Books by Author:

Pippa Grant



1

Mackenzie Montana, aka a woman on a mission

I never meant to become a criminal. But in the grand scheme of life, I don’t think I’m technically engaging in criminal behavior.

At least, if it is, you could call it a crime of passion.

And I am very passionate in my belief that while the Fireballs need to make changes to halt their record-breaking streak of being the worst losing team ever to play professional baseball, they don’t need to do it with a new mascot. Which is why I decided to take two weeks off work and fly to Florida for spring training, where I’m not saying that I’ve snuck into my home team’s ballpark after hours to steal the worst proposed mascot costume, but I’m not saying I haven’t either.

Meatballs?

They actually let a meatball make the final cut.

I needed at least another full season to get over the fact that the new Fireballs ownership killed the last mascot, and here they are, letting fans vote on replacing Fiery the Dragon with flaming meatballs.

I snort to myself while I creep through the darkened concrete hallways with a flaming meatball swallowing half of my body.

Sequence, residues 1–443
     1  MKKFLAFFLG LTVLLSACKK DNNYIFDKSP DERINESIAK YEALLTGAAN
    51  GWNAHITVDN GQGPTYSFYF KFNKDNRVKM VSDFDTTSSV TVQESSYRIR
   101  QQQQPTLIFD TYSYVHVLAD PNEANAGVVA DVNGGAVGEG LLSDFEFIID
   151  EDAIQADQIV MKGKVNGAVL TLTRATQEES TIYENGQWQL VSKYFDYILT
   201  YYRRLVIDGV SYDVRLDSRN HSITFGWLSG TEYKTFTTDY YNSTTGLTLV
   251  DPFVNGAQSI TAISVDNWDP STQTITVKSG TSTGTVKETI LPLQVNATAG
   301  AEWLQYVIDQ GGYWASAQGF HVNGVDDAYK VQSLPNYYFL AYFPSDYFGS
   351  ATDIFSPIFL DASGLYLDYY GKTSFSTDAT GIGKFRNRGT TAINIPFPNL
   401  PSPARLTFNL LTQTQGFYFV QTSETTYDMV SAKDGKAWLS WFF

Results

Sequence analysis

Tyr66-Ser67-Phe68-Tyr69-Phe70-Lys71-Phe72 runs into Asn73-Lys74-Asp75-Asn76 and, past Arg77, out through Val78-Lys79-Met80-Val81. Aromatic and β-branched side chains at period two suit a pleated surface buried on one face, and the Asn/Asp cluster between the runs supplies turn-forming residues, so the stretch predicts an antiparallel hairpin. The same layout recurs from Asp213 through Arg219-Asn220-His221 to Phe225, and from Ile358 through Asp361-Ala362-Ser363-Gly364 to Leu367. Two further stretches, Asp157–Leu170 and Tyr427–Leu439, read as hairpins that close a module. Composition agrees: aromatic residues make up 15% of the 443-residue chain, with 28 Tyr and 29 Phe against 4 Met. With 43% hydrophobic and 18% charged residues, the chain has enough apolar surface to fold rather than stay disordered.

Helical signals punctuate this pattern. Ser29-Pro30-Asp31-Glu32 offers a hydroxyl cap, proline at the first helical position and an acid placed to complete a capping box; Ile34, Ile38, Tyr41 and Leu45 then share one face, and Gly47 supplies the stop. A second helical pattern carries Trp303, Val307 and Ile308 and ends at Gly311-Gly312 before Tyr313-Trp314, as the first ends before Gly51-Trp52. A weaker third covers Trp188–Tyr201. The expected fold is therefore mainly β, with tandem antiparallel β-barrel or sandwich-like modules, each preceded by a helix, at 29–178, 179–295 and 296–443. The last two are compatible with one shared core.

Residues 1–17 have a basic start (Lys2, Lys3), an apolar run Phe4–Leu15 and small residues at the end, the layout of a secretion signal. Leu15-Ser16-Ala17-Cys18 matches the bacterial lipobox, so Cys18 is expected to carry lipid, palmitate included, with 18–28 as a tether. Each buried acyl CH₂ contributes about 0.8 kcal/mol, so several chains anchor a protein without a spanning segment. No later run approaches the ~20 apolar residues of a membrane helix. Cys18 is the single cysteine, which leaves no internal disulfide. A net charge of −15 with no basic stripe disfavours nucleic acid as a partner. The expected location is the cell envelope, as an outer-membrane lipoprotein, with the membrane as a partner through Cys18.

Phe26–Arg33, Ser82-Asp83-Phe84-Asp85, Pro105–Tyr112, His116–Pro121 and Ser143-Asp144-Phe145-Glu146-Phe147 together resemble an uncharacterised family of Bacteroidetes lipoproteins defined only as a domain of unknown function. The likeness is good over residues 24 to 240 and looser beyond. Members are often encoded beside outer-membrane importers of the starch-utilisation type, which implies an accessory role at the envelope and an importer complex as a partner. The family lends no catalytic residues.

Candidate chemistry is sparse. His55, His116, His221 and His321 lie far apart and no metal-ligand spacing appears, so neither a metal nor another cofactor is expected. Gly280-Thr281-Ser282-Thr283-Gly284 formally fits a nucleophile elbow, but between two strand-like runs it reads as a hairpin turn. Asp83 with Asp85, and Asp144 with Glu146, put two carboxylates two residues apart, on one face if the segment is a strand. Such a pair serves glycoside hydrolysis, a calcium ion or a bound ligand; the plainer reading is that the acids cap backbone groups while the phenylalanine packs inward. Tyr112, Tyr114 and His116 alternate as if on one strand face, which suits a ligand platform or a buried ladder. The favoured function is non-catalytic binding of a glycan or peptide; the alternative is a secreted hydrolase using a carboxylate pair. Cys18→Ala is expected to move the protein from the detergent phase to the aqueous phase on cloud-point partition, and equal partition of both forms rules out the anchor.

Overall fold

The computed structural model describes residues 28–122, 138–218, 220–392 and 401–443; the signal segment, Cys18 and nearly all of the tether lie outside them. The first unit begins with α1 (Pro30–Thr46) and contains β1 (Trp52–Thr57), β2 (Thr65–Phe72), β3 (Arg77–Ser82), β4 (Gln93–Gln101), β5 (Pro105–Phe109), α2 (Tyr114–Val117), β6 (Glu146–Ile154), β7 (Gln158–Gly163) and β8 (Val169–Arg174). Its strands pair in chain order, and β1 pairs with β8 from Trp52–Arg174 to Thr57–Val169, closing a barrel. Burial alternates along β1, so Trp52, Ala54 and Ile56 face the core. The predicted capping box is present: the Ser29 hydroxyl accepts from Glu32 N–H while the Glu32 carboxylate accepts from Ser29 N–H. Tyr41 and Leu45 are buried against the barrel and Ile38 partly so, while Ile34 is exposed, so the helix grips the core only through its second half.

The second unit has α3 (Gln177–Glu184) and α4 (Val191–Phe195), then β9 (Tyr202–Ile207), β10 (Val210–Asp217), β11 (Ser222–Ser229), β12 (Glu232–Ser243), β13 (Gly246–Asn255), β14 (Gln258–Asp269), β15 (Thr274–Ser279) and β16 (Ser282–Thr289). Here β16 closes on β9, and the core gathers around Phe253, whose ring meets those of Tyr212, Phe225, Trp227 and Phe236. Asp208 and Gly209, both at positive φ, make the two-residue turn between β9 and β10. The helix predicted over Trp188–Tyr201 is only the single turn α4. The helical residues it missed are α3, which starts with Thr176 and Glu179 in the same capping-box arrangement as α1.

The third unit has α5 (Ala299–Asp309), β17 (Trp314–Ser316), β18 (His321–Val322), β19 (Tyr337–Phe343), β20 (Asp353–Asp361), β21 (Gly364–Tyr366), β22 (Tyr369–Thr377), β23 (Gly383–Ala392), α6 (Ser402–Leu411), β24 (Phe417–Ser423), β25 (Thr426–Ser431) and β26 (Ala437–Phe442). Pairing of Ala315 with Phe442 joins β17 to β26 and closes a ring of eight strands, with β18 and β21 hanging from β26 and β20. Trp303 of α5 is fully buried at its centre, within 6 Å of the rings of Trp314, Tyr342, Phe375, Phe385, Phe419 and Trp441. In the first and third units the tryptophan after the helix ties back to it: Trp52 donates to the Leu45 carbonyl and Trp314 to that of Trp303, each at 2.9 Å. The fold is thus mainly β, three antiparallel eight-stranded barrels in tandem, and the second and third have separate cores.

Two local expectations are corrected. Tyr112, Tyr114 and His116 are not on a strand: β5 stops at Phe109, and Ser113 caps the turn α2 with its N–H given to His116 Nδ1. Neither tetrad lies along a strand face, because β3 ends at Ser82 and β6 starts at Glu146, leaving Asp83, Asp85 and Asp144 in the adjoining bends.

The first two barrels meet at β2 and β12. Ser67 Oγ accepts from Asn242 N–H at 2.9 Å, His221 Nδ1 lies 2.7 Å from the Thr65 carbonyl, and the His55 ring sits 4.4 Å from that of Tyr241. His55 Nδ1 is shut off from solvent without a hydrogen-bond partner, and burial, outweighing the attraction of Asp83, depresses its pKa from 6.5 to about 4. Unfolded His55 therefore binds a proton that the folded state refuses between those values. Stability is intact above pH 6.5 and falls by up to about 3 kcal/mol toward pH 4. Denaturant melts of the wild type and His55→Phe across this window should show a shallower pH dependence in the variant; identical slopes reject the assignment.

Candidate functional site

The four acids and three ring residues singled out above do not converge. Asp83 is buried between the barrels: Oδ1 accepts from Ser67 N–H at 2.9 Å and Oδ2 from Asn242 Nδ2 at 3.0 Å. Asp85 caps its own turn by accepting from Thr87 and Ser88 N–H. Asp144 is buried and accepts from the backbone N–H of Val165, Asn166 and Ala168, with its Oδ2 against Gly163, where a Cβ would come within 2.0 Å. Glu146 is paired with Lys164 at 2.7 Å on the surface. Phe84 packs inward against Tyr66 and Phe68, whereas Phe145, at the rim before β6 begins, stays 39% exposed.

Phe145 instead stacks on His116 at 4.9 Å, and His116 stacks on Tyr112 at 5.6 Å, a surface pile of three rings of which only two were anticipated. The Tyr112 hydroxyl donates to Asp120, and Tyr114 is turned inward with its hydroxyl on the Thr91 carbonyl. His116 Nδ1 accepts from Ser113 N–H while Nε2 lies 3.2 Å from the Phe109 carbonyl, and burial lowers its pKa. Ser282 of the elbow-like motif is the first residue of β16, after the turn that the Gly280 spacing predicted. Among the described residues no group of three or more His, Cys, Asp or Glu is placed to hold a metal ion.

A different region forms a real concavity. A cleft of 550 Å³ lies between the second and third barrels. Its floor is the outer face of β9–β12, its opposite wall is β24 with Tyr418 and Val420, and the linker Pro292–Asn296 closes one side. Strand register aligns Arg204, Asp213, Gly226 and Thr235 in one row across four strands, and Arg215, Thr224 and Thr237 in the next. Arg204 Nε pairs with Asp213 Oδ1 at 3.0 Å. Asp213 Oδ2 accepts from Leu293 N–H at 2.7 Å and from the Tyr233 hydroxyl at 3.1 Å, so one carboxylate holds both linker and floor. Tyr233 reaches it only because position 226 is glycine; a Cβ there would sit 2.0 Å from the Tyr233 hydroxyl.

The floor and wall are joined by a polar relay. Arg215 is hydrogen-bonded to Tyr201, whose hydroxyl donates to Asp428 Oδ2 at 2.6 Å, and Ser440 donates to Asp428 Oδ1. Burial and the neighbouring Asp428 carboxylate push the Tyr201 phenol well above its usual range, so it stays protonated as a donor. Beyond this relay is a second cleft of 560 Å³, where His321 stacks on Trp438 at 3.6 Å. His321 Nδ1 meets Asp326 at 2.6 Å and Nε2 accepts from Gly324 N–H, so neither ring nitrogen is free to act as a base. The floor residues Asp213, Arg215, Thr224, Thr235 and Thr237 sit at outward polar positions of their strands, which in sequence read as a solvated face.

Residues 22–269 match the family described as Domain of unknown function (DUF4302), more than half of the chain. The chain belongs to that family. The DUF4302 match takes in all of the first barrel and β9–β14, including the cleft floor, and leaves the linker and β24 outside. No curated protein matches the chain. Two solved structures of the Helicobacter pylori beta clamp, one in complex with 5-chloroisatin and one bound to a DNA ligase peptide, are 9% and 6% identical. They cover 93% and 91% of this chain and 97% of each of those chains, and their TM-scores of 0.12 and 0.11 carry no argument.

If you’re going to steal a giant meatball costume, it’s best to act like you know what you’re doing. And striding out of here with zero shame means two things—one, no one’s going to stop me, and two, even if they do, I’m incognito.

It’s the perfect crime to counter the crime of killing Fiery.

I’m one turn away from the door that I left propped open for myself after hiding out in the family bathroom after today’s game when voices drift toward me.

One male.

One female.

Neither is familiar, but as I get closer to my final turn, I realize the voices are between me and my exit.

No biggie.

I got this.